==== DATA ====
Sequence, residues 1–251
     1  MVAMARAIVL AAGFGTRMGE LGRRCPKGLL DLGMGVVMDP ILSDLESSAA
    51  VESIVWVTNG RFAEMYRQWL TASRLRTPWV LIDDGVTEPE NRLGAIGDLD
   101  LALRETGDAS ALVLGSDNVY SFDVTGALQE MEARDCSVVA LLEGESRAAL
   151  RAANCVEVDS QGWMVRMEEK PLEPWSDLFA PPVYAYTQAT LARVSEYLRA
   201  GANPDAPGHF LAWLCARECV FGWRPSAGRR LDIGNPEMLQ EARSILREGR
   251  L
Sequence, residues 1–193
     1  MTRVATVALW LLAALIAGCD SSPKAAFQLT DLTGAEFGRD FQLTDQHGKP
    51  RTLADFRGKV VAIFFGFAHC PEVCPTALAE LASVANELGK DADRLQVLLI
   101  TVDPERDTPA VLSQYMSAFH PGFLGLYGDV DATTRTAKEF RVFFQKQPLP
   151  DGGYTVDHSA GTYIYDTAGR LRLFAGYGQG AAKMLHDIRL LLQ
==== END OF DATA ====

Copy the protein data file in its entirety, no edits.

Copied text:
Sequence, residues 1–251
     1  MVAMARAIVL AAGFGTRMGE LGRRCPKGLL DLGMGVVMDP ILSDLESSAA
    51  VESIVWVTNG RFAEMYRQWL TASRLRTPWV LIDDGVTEPE NRLGAIGDLD
   101  LALRETGDAS ALVLGSDNVY SFDVTGALQE MEARDCSVVA LLEGESRAAL
   151  RAANCVEVDS QGWMVRMEEK PLEPWSDLFA PPVYAYTQAT LARVSEYLRA
   201  GANPDAPGHF LAWLCARECV FGWRPSAGRR LDIGNPEMLQ EARSILREGR
   251  L
Sequence, residues 1–193
     1  MTRVATVALW LLAALIAGCD SSPKAAFQLT DLTGAEFGRD FQLTDQHGKP
    51  RTLADFRGKV VAIFFGFAHC PEVCPTALAE LASVANELGK DADRLQVLLI
   101  TVDPERDTPA VLSQYMSAFH PGFLGLYGDV DATTRTAKEF RVFFQKQPLP
   151  DGGYTVDHSA GTYIYDTAGR LRLFAGYGQG AAKMLHDIRL LLQ